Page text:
The famous crustacean is omnipresent, especially this time of year, adorning everything from license plates to dinner plates. Attend any summer party and there is likely to be lobster in some form or fashion — salad, stew, or bisque — and if you host guests from away, they’re liable to eat lobster pretty much non-stop.
I live here, in lobster land, and I have a seafood allergy. No chowder, no crepes, no thermidor. No lobster stuffed mushrooms, no lobster linguine.
Irony involves a difference or contrast between appearance and reality – that is, a discrepancy between what appears to be true and what really is true. You would think that I, as a Mainer, would chow down on lobster chowder. The reality is that I scan the buffet table and avoid anything with a hint of red.
Irony exposes and underscores a contrast between what is and what seems to be, ought to be, or what one wishes or expects to be. As a device used in literature, irony can be verbal, situational, and dramatic. Characters can say the opposite of what they mean, understating or overstating, or use sarcasm. Someone can condemn a character who we as readers expected them to praise.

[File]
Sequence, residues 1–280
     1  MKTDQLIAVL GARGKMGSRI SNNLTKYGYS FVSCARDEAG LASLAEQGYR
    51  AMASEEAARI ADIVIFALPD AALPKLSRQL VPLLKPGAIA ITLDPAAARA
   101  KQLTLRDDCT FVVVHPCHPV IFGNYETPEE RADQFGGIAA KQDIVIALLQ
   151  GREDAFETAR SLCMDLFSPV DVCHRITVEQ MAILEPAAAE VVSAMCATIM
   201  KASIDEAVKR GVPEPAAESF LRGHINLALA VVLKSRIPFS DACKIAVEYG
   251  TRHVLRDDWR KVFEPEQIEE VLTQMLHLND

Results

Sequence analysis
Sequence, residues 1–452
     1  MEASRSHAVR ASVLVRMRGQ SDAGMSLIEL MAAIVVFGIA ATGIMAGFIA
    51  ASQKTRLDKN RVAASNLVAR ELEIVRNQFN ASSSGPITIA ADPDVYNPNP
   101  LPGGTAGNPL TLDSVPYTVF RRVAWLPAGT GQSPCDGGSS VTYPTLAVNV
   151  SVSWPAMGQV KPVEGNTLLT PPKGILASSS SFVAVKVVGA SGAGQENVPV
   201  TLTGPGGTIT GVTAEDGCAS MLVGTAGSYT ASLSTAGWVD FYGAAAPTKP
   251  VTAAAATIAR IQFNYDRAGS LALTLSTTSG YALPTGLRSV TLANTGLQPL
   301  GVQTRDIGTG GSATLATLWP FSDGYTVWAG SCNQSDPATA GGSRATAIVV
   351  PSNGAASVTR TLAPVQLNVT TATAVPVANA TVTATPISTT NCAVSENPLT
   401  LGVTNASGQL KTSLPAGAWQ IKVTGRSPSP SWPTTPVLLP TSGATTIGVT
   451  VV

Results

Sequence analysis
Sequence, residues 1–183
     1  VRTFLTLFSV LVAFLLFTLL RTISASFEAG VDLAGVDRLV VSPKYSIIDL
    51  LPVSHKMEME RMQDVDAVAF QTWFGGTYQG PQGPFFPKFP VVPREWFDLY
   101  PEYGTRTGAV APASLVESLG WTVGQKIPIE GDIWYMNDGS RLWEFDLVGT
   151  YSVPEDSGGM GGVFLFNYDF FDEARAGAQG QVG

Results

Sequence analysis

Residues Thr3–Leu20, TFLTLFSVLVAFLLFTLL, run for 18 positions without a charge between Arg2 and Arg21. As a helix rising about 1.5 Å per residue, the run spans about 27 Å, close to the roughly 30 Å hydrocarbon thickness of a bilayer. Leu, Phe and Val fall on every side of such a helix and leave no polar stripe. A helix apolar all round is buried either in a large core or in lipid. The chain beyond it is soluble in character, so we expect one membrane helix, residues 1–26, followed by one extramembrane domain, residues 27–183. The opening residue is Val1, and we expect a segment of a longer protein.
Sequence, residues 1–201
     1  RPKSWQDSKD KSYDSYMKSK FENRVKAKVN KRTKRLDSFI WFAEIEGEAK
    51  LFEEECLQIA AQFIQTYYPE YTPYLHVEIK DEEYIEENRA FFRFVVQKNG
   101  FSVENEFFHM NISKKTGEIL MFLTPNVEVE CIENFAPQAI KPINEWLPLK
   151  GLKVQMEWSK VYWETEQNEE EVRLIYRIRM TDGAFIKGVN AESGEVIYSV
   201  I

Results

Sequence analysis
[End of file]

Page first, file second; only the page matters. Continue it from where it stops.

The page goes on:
Situational irony can be used to expose hypocrisy or injustice. My favorite — dramatic irony — occurs when a character states something that they believe to be true but that the reader knows is not true, or the opposite. For this to work, the reader needs to be “in the know.” Sometimes a second reading is what clues the reader in. Anne Tyler’s The Accidental Tourist is one big irony. Or think of the movie The Sixth Sense, by M.Night Shyamalan. Right at the beginning, the kid says, “I see dead people.” At the end we realize that he was speaking the truth and that the main character, played by Bruce Willis, is indeed dead.
Is irony a device that you enjoy in literature? Can it strengthen a mystery, and if so, how? And what would you do if you lived in Maine and couldn’t eat lobster?